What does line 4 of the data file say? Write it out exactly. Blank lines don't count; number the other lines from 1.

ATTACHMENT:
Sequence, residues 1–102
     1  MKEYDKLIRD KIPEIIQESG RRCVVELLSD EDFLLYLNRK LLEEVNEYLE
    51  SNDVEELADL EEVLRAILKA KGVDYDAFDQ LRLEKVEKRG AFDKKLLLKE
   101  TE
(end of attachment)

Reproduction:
   101  TE